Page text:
First, what role of the Moon play in science?
The moon is commonly known as a powerful solar refraction/diffusion system and a regulator of the earth’s tides and saps. Less known is that the earth has always been sent to the moon a kind of ‘breath of life, ie, a wind of charged particles of oxygen. The earth’s oxygen particles reach the moon when our planet, for five days every twenty-seven days, comes between the Sun and the Moon, shielding the latter from the wind of particles emitted by our star (the solar wind). During this period, the solar wind is deflected, and the particles trapped in most of Earth’s outer regions can reach the moon.
Secondly, it’s a recent discovery that the moon is brighter than the sun in the gamma spectrum, radiation generated by cosmic rays hitting the lunar surface. Gammas are also emitted during nuclear reactions, so much so that – together with neutrons – they are practically their “signature”.
What role of the Moon in Alchemy?
Some ancient authors say that Moon at night makes the Spiritus Mundi, which in daytime lingers at great altitudes ( because of the Sun rising power and for the effect of the magnetic field that acts as a screen), fall to earth. Secondly, the moon may dismember more effectively than the sun. Third, the moon acts on the part of Spiritus Mundi, which is known to behave like a fluid. So the composition of the air is decisive when working the Mercurius.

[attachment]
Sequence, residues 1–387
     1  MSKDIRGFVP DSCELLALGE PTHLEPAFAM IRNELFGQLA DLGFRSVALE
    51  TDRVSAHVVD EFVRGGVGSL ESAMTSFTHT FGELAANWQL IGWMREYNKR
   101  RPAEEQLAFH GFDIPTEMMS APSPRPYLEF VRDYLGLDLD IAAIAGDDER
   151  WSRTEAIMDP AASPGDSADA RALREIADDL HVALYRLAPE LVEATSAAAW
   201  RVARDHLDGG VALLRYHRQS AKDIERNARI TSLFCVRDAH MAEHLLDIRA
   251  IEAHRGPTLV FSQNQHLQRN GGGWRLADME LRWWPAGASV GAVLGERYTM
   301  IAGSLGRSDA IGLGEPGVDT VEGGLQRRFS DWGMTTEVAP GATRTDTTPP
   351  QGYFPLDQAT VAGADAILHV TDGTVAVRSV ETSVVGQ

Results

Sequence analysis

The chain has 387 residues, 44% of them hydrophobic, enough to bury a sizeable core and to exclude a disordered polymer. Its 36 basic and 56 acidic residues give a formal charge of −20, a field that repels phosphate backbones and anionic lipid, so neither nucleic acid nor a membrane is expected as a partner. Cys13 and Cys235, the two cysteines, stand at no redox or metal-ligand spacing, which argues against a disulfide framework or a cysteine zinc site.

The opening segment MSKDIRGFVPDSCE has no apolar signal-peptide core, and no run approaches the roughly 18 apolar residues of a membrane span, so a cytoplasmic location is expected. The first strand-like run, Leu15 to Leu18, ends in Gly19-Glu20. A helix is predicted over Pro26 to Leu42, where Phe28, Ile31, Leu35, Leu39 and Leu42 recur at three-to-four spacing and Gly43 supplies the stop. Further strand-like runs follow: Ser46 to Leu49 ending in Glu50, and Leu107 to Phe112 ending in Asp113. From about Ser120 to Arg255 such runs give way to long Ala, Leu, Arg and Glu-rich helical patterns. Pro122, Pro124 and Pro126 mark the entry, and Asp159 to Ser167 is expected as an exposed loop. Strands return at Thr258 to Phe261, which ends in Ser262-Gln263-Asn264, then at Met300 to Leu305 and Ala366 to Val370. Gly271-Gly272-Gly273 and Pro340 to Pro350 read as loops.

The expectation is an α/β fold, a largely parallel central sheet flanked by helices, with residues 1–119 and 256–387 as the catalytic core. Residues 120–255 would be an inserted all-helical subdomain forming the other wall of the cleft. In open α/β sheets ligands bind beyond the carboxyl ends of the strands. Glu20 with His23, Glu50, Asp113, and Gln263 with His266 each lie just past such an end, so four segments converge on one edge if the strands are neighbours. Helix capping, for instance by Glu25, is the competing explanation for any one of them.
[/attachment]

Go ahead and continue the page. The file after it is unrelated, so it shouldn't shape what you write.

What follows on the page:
The laboratory alchemist must admit that they behave similarly without necessarily wanting to compare Spiritus Mundi and the etheric or subtle body surrounding and interpenetrating all bodies. Hekate, the mysterious three-headed goddess ubiquitous in heaven, earth, and the underworld, is symbolically represented by the moon.
In alchemical symbolism, the moon is principally the Mercurius of the wet path, due to its whitish and translucent aspect. But all polar aspects of sulfur are termed lunar.
The Moon can act as a polarizer of sunlight. Is it also in Alchemy?
Sure. Whatever “polarizer” means in Alchemy.
Taken from Solazaref, Ars Brevis: When the moon is in the first and last quarter phases, sunlight is diffused at 90 degrees. We know that in the blue sky, at 90 degrees, we have an almost completely polarized light: the moon in its quarters also presents a polarization of its radiation, which depends on the hour and the weather.
Can the moon also act as a polarizer of starlight?
Sure. There are times of day and phases of the moon when this can happen. Of course, it is a matter of infinitesimal magnitude. But Alchemy is made up of details.
As already said above, concerning the role of the moon in science, the moon is brighter than the sun in the gamma spectrum, with radiation generated by cosmic rays hitting the lunar surface.
Can we extract and/or condense the Spiritus Mundi from the Moon?